Avril Lavigne addressed conspiracy theory that she died and was replaced with a clone
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If you're the type that enjoys conspiracy theories then you've probably come across the one revolving around Avril Lavigne.
At one time, the 'Sk8ter Boi' singer was haunted by a theory that she had actually died years ago and because her music was so successful, music bosses decided to hire a lookalike to continue her career.
Even reading it sounds crazy... but a lot of people believed it.
And as a result, Avril actually had to come out a while back and put an end to the bizarre hypothesis.
While promoting one of her albums, she told Entertainment Weekly: "More like that it's just a dumb internet rumour and [I'm] flabbergasted that people bought into it. Isn't that so weird? It's so dumb.
"And I look the exact same.
"On one hand, everyone is like, 'Oh my god, you look the same,' and on the other hand people are like 'Oh my god, she died'."
Mmm, that sounds exactly like what someone would say if they're trying to keep up appearances.
If you're still lost about what the hell we're talking about, let us run you through the basics.
The theory is that she died way back in 2003 and the Avril we have seen and heard since then is a body-double and paparazzi decoy named Melissa Vandella.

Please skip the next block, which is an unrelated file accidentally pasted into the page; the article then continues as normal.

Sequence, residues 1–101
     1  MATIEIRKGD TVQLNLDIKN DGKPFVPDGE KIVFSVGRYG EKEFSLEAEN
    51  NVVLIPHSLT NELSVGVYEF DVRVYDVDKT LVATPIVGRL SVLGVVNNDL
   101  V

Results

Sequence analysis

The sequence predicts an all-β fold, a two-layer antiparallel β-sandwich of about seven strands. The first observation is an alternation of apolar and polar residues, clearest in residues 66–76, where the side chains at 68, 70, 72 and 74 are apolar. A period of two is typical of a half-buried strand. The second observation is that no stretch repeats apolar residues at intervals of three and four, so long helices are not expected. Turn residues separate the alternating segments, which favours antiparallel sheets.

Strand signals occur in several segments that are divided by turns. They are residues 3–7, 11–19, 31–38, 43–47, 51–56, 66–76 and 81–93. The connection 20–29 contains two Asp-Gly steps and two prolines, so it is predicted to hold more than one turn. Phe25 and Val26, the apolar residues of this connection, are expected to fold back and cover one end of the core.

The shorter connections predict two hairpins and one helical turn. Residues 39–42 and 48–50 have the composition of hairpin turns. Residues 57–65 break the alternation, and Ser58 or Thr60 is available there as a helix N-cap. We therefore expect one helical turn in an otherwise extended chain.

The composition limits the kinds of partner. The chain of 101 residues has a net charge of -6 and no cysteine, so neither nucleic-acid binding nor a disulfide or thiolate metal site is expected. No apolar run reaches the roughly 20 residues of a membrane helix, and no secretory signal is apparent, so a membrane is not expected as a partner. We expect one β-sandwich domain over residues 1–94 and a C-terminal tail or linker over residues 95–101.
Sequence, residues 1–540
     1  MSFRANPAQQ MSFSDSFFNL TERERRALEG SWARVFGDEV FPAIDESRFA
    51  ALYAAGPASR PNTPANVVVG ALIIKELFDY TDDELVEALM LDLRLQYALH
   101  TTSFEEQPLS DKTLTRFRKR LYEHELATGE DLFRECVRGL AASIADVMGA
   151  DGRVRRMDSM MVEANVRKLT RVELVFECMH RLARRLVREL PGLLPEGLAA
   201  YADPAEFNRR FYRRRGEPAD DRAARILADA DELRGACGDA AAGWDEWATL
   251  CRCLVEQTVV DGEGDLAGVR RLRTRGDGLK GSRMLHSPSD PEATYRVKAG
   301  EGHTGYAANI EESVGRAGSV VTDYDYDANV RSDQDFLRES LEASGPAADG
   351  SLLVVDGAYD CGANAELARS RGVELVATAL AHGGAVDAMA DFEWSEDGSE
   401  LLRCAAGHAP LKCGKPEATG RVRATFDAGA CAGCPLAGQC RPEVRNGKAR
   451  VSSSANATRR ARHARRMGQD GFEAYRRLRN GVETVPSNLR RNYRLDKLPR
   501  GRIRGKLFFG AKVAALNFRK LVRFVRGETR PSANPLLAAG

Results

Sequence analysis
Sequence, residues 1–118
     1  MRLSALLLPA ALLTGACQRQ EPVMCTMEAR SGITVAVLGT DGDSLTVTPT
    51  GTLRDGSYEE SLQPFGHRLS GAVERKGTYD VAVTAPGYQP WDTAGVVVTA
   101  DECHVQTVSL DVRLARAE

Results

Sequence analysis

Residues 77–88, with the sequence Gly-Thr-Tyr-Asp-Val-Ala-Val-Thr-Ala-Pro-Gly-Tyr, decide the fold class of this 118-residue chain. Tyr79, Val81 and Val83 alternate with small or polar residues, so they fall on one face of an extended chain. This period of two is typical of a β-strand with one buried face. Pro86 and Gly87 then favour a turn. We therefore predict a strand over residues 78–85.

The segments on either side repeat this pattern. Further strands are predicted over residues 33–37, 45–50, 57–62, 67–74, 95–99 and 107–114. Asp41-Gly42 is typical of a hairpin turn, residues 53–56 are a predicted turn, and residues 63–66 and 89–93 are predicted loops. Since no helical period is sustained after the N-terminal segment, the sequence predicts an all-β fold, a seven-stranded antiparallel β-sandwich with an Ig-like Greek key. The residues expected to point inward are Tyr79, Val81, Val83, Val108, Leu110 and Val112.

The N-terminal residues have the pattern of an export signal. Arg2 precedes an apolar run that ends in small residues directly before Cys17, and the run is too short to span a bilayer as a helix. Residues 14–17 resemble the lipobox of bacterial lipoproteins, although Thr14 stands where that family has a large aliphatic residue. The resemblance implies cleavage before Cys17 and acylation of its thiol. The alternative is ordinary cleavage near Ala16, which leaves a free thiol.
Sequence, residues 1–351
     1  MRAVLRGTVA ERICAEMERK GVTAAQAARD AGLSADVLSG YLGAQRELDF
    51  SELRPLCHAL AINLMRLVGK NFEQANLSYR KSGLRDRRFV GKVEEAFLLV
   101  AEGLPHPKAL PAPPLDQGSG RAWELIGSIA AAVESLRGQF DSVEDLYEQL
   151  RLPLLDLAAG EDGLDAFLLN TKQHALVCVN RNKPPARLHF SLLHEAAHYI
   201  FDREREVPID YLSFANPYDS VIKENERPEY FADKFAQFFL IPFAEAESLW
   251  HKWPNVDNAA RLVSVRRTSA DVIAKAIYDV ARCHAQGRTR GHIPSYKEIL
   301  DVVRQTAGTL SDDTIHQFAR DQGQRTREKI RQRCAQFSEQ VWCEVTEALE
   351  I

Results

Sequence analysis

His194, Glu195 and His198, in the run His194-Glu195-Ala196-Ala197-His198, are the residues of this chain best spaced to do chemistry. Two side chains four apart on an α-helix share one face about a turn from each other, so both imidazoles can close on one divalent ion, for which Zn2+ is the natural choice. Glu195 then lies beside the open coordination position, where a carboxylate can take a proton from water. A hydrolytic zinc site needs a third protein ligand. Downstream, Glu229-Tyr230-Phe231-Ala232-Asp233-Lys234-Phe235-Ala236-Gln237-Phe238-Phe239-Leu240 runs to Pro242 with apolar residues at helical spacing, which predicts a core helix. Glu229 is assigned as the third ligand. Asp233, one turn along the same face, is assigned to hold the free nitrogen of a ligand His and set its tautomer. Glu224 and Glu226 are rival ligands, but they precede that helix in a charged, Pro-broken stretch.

Subscribers to this theory think it explains why Avril's music and look changed so much between the start of her career and now.
An alternative theory suggests that the star didn't cope very well with fame, so she hired a lookalike to pose for paparazzi and that lookalike was Melissa.
The two became friends and, one night in the studio, Avril thought it would be a laugh to teach Melissa how to sing like her (is that a thing? Asking for a friend).
Then once Avril 'died', which is via a bunch of different methods depending on the theorist, Melissa took her place.
Sounds outrageous right? But many people believed this line of thought.
Avril was even tipped as one of the most dangerous people on the Internet.
Cybersecurity firm McAfee has said the singer was the celebrity most likely to direct internet users to websites that carry viruses or malware.
Almost 15 percent of searches involving Avril led to websites that may contain potentially harmful malware. That number jumps to 22 percent if you search for an illegal version of her songs.
After Avril came Bruno Mars, Carly Rae Jepsen, Zayn Malik, Céline Dion, Calvin Harris, Justin Bieber, Sean 'Diddy' Combs, Katy Perry and Beyoncé.
Featured Image Credit: dpa picture alliance / REUTERS / Alamy Stock Photo
Topics: Music, Conspiracy Theory